The ICA museum triggers my memory by recalling all of the things I did not like, more so because there was not much that I did enjoy from this experience. I was instantly bombarded by art and artists in which almost felt as if it they were trying too hard to be different. These artists had so much to say, but I felt as if I could not grasp their concepts. My memory also informs me of the descriptions of the exhibitions and certain titles in which I could barely comprehend. I may not have completely understood the artworks presented, but I still have respect for the art itself. From this, my memory reminds me how preferential art really is. Not everyone is going to be captivated by the same things, and from this experience, our memories of art can be very different. Since I was clearly not captivated with the exhibitions presented, I tend to focus on what I did not like instead of the things I did; if any at all. Even though I may not have enjoyed the experience at the ICA museum, it allowed me to come to an important point; memories of art may not only be what we like but instead may stick with us because of what we didn’t. Initially going into this experience I was only hoping to write about the positive memories I would have and instead I was completely surprised in my findings. This experience also allowed me to make deductions about the art that I like and the art that I don’t, and even where I like to experience it. I had never realized that galleries might not be my first choice when it comes to viewing artwork. This may even help with the creation and expansion of my own artwork. In conclusion, no matter what the memory, good or bad, our memory helps us in many ways: from informing us to creating new memories. The smallest of impacts can put our memories into perspective and that we should be grateful for.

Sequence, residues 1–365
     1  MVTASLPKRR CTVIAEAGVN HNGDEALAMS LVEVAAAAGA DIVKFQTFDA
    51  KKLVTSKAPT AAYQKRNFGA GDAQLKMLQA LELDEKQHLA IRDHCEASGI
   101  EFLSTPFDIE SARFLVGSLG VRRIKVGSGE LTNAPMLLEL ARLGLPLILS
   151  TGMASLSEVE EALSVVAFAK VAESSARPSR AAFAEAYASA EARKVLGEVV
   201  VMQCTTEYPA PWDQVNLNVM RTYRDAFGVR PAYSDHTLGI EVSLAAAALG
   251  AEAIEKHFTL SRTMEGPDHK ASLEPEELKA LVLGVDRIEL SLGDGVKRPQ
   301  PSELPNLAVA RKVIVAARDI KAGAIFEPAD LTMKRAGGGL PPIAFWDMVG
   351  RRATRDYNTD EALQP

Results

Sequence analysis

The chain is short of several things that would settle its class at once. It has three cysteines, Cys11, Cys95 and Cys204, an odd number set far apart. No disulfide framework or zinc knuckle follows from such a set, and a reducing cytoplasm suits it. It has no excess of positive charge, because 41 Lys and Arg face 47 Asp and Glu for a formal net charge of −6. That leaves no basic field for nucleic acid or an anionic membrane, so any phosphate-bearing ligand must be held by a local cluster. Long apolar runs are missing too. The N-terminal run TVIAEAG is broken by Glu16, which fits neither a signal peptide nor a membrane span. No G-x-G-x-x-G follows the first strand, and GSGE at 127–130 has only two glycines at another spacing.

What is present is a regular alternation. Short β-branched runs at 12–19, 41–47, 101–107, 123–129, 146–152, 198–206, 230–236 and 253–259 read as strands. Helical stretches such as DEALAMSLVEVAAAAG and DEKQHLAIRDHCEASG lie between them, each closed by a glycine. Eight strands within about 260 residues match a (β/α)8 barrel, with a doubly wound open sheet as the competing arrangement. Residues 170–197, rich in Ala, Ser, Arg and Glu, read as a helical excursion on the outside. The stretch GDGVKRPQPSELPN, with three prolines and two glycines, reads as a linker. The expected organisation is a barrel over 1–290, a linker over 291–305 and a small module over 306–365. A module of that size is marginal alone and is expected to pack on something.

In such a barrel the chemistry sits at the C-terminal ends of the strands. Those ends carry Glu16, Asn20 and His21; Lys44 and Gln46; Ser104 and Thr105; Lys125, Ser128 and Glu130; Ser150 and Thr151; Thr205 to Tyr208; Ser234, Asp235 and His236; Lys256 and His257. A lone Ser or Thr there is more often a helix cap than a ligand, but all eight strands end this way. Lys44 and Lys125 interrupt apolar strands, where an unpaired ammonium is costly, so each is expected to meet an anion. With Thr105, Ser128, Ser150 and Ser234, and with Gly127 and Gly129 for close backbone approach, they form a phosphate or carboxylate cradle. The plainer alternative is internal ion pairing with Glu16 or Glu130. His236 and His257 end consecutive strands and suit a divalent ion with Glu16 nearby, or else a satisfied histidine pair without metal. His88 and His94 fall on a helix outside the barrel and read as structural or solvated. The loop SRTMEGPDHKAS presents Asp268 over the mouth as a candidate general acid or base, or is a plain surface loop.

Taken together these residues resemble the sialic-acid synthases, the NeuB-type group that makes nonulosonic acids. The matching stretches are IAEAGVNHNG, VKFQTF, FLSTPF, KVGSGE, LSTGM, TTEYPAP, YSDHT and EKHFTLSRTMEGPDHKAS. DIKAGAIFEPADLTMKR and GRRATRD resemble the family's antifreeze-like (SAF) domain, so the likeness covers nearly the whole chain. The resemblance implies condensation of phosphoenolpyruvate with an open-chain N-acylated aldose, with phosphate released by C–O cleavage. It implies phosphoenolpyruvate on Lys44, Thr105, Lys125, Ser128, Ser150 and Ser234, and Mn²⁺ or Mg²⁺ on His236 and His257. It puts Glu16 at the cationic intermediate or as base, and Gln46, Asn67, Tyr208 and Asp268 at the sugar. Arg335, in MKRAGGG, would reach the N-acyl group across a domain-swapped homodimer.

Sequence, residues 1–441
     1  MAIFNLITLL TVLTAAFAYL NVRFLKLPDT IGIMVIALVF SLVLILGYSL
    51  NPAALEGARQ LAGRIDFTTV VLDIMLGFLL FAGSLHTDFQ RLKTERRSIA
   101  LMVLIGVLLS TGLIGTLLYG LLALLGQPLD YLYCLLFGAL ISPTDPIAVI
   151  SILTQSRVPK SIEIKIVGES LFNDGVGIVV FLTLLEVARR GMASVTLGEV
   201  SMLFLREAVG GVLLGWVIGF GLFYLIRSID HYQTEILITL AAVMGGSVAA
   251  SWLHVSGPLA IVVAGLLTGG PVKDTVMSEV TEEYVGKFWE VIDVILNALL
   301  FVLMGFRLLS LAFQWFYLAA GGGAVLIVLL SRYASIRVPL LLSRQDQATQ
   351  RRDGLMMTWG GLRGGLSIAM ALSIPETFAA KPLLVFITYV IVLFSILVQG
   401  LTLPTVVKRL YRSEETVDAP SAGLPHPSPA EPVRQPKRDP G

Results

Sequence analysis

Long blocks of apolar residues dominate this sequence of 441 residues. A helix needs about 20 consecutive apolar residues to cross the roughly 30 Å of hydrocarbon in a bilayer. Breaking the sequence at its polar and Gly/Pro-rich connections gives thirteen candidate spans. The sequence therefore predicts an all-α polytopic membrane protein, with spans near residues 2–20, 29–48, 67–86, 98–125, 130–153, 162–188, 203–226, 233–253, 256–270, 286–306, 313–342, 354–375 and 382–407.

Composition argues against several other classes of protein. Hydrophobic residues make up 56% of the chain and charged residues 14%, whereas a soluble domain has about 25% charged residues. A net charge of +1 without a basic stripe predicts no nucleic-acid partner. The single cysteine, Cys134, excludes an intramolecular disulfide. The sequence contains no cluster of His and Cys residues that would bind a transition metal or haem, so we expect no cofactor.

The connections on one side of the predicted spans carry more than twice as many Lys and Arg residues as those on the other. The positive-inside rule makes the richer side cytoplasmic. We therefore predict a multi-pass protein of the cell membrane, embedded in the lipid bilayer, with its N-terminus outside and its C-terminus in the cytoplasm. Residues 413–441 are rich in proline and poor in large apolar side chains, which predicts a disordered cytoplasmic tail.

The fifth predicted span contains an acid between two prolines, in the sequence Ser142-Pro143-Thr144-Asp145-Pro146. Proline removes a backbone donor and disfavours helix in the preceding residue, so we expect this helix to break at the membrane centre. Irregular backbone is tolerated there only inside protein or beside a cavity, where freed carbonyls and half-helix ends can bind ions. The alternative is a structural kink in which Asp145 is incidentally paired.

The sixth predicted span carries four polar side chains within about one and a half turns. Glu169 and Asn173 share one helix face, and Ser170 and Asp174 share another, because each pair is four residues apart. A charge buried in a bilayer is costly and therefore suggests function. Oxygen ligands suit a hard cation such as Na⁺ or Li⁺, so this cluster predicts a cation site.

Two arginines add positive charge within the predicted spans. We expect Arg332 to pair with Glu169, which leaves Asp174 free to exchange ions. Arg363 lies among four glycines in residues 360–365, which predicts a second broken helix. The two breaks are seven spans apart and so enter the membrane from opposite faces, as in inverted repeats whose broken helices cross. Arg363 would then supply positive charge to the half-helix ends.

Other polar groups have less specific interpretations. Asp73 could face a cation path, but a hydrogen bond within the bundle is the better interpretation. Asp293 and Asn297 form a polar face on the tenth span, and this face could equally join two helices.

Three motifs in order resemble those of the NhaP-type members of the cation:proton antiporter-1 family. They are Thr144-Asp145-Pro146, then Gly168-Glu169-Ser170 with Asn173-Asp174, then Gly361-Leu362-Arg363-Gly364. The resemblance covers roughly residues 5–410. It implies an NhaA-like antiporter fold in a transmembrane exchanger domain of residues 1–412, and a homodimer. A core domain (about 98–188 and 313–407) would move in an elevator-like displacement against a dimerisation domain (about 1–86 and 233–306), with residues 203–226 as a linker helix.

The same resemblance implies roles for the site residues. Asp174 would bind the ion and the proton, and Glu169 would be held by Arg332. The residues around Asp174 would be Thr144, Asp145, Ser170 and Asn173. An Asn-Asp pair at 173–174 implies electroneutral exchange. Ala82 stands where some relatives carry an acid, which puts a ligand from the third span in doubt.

Module 4